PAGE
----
A year ago I had a phone conversation with my friend Valerie.
"I think I have to get a job."
"You have a job."
"I know. I have to get another one. One that helps bring in some extra money. I'm not sure if I can do this and be a mom and continue to be an artist and a writer."
One part of me was calm and moving through what had to be done. Another part of me was panicked. It felt akin to the weeks before we moved across country from Ohio to California (10 years ago) with no real plan, just a lot of faith, hope and love (only with way less faith, hope and love this time around). In those weeks prior to our departure it felt as though California was some foreign land and that I was to travel to another dimension in our green mini-van time machine. I had no clue what to expect and crossing into the portal meant I could never come back in quite the same way.
Valerie was calm, her voice soothing.
"You'll get a job at some coffee shop and you'll learn how to make drinks. And you'll meet all sorts of wonderful people and you'll come back to your blog and tell us stories about them. You'll document the whole thing like an experiment. You'll make it magic, whatever you have to do because that's what you do. You take the ordinary and make it magic. Why, I bet you'll start reading tea leaves. You'll find your way with it. This is not the end."
One year later, I am up at 5 AM this morning because today is the day I start training at a coffee shop, and I want to ease into it with exercise and writing and a bath, so that I can honor this process and let it unfold organically and wholly. I don't want my life to be in shifts. I want it to all play off of each other. I don't see another way.
Yesterday I read Hayley's words in one of the blog comments - Divinity in motion - and I think that is good a mantra for this morning. I baked pies to ground and grieve and grow, and I will prepare food in the kitchen of a local coffee shop to do the same. I will ride my bike there and feel the wind on my face. I will allow change and be on the look out for Mystery. I will do the best I can with what I have.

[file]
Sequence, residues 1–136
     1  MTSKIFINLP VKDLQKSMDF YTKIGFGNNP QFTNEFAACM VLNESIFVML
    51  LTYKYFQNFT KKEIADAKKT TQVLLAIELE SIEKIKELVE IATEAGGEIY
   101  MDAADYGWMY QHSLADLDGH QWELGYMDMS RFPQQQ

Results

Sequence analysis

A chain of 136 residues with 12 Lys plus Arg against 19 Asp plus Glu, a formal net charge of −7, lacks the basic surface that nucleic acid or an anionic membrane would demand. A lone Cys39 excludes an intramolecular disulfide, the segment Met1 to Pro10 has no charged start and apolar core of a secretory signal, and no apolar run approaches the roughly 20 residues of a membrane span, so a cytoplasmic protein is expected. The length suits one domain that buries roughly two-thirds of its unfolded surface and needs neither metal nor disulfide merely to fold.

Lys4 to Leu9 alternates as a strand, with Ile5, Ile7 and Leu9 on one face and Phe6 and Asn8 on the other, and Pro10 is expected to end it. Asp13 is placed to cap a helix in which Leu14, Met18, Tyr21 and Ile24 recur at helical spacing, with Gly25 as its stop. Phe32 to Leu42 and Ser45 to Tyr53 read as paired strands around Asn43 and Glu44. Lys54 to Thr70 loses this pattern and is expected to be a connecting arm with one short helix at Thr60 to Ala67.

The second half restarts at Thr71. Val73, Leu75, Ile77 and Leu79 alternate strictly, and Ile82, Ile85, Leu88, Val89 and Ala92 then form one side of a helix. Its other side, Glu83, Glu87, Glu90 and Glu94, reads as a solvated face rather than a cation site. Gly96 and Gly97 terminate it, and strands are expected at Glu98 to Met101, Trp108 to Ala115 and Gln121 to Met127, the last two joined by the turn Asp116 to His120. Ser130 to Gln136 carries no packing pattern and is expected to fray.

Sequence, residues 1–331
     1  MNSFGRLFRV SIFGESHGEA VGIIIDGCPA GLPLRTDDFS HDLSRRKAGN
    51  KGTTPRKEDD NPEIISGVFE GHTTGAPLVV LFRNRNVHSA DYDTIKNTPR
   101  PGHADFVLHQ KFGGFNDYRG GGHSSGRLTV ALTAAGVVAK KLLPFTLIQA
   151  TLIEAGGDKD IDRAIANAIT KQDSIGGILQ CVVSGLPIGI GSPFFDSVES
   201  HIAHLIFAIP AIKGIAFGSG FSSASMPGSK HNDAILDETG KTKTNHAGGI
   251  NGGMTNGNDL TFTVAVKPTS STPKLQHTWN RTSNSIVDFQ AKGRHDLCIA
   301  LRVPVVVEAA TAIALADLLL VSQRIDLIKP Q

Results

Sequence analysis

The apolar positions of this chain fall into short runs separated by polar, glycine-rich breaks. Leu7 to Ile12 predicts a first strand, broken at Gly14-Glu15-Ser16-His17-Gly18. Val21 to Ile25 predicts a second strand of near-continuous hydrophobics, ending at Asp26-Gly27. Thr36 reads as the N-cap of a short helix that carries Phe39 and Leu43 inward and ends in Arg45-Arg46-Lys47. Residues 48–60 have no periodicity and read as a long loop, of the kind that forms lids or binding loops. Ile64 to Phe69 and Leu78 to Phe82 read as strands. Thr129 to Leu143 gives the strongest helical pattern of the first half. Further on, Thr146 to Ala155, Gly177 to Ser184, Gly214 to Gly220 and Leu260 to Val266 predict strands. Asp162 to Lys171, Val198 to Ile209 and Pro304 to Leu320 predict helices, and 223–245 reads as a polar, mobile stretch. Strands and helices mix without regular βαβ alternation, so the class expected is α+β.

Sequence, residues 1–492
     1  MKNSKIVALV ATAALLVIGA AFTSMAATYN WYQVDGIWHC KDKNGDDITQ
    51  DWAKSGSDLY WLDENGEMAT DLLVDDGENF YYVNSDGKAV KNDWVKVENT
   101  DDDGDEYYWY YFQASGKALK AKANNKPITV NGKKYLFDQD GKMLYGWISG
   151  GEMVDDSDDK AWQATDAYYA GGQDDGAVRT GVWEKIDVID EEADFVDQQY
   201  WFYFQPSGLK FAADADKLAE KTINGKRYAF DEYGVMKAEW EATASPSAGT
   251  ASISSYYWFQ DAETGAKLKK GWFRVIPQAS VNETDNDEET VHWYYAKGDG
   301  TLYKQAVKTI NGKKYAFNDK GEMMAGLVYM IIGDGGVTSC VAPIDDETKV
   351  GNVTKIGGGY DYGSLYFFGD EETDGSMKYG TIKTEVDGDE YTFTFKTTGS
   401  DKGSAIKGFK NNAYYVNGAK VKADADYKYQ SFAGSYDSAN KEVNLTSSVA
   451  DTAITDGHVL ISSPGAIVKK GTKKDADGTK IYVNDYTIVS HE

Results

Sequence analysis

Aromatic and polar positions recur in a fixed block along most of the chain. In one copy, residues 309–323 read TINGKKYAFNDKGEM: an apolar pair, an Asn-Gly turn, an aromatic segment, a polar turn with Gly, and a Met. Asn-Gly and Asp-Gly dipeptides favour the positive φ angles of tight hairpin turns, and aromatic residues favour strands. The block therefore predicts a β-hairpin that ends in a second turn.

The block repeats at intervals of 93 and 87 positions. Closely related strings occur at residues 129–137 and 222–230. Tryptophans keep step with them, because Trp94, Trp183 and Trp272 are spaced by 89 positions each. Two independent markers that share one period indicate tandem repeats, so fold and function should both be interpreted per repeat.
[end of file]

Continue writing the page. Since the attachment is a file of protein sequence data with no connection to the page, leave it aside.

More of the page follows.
The night before last my son was going to bed with wet hair. He asked me, "Will you help me with my hair in the morning so it doesn't stick up all crazy?"
"Of course," I said.
Yesterday morning all my kids slept in. So by the time they did wake up and get breakfast and gather their things, it was time to scoot right out the door.
"Oh man, I forgot about my hair," my son said, rubbing his hand over the wild mane sticking a couple inches in the air.
"It looks great," I told him.
"I love your hair," my husband told him.
"I don't mind how it looks, but the kids all point it out and say, 'Why does your hair look like that?' And I hate it when they do that!" He was in tears as we all piled into the car.
We let them out at school, and as they walked up the sidewalk Tony said, "He's really upset about his hair." He was walking slow and with his head down, flattening his hair as best he could with his hand.
"Let's take him home and fix it. We can check him in late."
Tony hollered for him to come back to the car and when we explained to him our plan he wiped the tears off his cheeks and smiled big. "Okay!" He said.
I think about his smile as I am getting ready to start this part-time job today. His smile tells me I am not bound by the rules, or the schedule, or the constraints of one more weekly commitment. I have access to the world I desire. There are loopholes all around. Ways to slip in and out of convention. Ways to make myself comfortable whether here looks like a chaotic mane flapping in the breeze and drawing attention in the worst of ways or here looks like a part-time job squeezed into my already full-time life. His smile tells me, much like Valerie did on the phone one year ago, this too can be magic.